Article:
New York City mayor Bill de Blasio announced on Wednesday that the city will close public schools in order to combat the rising COVID-19 numbers.

The Associated Press reports that all school buildings will be closed for in-person learning "until further notice." All students will be taught online only for the time being, although as of October only 25 percent or so of students had returned to in-person learning. Officials had expected more would return when elementary schools in the city reopened on Sept. 29, and high schools on Oct. 1.

In a tweet, Blasio noted that the city had "reached the 3% testing positivity 7-day threshold," which resulted in the closure decision. "We must fight back the second wave of COVID-19," he added. When schools opened around late September, the seven-day positive test average rate was under 2 percent.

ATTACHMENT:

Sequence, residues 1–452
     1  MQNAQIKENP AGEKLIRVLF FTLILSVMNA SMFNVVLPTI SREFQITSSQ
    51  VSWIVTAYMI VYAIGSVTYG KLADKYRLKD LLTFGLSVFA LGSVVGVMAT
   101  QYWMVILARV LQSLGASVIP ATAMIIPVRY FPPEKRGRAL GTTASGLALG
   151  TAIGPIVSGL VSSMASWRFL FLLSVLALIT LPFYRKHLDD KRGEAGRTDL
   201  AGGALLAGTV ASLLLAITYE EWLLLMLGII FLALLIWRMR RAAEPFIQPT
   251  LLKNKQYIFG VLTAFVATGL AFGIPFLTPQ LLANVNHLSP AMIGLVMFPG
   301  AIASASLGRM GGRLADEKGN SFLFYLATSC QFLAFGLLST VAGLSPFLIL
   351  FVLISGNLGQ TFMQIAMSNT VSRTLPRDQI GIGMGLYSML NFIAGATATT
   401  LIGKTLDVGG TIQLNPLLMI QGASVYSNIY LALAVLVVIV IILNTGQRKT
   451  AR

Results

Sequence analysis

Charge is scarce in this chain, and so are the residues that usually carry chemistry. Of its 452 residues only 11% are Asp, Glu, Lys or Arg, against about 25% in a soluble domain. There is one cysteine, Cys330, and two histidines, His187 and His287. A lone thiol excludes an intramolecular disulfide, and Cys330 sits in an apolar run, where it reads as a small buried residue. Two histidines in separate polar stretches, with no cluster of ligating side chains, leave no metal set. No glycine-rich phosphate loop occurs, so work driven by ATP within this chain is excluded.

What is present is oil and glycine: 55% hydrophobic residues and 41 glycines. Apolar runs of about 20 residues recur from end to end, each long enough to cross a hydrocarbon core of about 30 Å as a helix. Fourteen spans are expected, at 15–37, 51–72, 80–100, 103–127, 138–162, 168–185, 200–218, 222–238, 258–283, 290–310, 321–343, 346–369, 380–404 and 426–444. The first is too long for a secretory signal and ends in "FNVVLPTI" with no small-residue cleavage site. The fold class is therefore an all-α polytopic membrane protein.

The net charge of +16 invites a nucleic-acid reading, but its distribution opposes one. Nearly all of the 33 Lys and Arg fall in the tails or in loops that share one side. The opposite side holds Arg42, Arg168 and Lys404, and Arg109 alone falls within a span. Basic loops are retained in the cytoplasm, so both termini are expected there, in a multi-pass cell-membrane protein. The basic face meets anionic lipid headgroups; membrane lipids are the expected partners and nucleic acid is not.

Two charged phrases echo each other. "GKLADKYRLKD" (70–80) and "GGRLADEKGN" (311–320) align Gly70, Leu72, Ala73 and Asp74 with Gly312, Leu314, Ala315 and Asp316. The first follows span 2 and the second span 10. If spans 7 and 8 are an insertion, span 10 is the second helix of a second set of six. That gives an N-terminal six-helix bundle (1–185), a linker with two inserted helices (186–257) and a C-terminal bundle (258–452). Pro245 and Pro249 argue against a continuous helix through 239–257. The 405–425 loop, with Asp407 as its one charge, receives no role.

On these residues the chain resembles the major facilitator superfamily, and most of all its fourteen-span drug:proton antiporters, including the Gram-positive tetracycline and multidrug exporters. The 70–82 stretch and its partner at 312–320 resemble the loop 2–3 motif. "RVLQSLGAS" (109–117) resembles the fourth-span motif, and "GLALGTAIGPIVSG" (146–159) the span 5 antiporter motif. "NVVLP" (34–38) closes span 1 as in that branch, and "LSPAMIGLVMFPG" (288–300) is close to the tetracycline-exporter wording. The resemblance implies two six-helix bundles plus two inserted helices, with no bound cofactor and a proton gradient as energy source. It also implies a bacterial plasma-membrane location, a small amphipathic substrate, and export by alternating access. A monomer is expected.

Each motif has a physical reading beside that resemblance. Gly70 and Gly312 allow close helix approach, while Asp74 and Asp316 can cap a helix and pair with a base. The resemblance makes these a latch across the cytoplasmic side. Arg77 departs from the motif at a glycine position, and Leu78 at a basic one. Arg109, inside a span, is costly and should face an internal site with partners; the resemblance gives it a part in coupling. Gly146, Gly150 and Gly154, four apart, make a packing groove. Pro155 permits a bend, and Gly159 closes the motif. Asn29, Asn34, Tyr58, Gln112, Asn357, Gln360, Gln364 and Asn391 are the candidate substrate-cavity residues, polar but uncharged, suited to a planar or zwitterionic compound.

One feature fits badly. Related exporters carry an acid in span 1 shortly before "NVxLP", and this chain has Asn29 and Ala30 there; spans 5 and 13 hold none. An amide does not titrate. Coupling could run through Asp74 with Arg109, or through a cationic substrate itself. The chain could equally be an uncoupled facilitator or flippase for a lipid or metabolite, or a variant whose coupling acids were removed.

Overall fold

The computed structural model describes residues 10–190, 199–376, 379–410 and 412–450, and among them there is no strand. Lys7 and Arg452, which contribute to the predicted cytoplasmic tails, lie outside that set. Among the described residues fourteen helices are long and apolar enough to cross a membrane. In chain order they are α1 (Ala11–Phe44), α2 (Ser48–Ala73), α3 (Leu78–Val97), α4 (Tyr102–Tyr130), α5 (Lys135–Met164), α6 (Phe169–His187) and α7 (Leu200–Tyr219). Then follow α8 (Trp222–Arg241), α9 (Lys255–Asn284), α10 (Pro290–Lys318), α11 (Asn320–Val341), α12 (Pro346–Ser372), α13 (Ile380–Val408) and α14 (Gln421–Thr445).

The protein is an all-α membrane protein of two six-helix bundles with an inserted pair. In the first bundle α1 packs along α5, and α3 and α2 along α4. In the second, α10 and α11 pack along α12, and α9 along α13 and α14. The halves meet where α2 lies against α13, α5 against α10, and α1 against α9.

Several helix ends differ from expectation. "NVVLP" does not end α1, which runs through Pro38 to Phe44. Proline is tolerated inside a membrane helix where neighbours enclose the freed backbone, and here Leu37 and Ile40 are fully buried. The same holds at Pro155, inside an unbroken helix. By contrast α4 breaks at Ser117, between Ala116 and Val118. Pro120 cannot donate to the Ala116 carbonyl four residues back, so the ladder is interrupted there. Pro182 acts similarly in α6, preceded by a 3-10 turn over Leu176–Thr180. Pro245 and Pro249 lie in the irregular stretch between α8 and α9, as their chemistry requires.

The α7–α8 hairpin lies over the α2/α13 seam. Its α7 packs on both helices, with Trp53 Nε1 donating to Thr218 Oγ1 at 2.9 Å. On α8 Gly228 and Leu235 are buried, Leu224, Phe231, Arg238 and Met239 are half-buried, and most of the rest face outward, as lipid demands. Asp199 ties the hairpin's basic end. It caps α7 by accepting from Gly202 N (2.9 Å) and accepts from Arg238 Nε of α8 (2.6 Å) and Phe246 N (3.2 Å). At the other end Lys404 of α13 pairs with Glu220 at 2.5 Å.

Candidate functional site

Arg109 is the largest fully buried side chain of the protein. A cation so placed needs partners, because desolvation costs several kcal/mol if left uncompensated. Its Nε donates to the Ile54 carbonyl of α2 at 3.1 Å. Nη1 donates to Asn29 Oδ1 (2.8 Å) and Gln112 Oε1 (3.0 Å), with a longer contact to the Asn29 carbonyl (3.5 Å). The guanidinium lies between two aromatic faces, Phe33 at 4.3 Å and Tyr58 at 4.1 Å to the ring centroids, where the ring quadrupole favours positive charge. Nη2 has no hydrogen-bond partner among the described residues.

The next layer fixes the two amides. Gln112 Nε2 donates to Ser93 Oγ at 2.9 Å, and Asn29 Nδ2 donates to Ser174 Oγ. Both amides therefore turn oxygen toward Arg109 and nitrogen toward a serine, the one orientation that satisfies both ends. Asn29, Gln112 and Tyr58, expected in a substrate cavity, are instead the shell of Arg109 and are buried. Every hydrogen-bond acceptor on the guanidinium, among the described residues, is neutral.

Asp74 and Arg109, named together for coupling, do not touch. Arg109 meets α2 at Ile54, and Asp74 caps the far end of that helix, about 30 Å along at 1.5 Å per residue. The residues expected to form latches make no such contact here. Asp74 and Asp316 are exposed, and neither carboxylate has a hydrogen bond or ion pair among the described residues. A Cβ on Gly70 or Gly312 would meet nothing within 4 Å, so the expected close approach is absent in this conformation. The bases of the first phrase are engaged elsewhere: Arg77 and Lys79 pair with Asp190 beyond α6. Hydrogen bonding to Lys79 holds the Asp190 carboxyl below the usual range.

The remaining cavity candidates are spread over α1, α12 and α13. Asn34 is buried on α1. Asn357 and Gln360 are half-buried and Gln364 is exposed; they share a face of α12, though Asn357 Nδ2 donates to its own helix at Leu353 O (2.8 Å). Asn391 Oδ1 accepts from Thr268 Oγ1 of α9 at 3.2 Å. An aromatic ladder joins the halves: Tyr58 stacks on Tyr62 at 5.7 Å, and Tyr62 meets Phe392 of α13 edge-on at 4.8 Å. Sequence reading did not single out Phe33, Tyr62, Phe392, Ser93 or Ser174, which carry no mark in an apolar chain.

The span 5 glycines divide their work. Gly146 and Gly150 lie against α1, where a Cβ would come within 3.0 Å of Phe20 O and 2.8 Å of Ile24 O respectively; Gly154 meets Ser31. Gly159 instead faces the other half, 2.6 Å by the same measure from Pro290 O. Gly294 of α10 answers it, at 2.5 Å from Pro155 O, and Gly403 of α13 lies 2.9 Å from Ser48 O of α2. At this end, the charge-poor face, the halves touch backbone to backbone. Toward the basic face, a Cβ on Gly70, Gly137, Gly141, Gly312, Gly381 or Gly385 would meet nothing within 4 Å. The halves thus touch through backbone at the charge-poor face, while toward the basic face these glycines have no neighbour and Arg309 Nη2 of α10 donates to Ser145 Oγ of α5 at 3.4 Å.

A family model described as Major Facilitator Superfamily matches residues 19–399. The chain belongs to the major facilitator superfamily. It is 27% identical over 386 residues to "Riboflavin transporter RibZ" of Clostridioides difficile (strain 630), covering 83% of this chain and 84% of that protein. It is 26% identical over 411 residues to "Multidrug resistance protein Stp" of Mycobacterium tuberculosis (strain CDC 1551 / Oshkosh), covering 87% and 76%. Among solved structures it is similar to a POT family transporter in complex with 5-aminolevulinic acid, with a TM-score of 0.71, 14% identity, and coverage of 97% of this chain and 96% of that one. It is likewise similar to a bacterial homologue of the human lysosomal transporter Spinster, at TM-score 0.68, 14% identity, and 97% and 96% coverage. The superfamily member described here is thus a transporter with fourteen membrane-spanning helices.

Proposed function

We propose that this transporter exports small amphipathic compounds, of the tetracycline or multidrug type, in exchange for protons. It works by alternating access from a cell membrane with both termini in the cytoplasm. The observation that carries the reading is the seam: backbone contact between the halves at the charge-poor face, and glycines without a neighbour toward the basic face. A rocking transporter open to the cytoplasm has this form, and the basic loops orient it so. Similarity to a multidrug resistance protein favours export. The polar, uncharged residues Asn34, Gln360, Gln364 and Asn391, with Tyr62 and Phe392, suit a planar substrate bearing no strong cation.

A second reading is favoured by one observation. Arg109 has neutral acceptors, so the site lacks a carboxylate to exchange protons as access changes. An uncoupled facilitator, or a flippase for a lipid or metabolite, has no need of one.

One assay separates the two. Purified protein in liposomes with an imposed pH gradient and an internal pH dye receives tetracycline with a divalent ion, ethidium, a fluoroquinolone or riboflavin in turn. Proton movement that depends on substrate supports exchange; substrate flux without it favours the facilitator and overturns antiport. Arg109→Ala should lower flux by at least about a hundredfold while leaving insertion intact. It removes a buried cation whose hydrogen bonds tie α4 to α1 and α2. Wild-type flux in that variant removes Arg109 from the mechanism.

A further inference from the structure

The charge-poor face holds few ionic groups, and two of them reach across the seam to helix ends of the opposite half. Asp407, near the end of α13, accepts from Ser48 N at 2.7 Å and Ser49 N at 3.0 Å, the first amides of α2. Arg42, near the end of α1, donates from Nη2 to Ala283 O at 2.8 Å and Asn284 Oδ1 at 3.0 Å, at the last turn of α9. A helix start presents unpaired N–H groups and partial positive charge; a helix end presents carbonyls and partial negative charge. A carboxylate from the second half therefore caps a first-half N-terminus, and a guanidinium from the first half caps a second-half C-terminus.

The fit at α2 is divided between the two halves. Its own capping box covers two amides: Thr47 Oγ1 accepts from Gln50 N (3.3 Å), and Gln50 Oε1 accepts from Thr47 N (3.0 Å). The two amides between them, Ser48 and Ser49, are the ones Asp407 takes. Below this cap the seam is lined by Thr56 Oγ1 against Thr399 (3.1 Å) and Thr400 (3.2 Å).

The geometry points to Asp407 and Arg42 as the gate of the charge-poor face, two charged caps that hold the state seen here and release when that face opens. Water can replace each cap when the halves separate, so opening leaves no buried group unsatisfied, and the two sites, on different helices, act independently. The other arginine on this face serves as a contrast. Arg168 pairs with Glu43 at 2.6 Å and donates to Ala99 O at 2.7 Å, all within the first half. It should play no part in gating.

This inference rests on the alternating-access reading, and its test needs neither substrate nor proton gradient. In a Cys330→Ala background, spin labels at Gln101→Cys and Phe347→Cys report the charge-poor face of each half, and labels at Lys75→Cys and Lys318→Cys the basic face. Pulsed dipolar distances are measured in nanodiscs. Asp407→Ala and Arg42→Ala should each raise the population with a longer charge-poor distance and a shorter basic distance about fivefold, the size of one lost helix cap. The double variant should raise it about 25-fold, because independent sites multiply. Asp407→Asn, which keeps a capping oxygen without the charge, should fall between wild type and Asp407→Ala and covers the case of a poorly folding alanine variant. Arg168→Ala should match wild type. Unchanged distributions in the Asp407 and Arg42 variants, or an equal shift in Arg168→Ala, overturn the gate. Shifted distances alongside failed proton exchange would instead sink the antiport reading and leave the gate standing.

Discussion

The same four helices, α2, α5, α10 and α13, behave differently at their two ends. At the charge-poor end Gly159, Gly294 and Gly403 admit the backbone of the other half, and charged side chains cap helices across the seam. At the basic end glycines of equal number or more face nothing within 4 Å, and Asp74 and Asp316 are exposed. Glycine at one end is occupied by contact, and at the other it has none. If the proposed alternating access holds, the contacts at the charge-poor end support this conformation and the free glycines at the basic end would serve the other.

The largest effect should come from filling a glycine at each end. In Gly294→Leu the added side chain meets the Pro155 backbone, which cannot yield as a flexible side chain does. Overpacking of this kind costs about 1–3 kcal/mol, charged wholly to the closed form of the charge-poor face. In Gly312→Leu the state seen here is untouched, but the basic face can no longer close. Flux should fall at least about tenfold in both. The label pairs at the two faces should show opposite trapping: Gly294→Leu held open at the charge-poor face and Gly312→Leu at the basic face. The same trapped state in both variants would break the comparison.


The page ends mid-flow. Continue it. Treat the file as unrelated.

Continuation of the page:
Department of Education Chancellor Richard Carranza stressed in a letter to parents that this is a "temporary closure" and schools will "reopen as soon as it is safe to do so."

Despite reopening just a few months ago, a number of schools have had to go through temporary closures after students and/or staff tested positive. When high schools opened again, de Blasio called it "an absolutely amazing moment," He added, "We did something that other cities around this country could only dream of, because we have fought back this pandemic so well for so long." 

There's been over 574,000 confirmed cases of the virus in the state of New York since the start of the pandemic, with 290,000 of those in NYC. Cases have been steadily rising in the state since late September, with a steady increase in daily new cases since the start of November.

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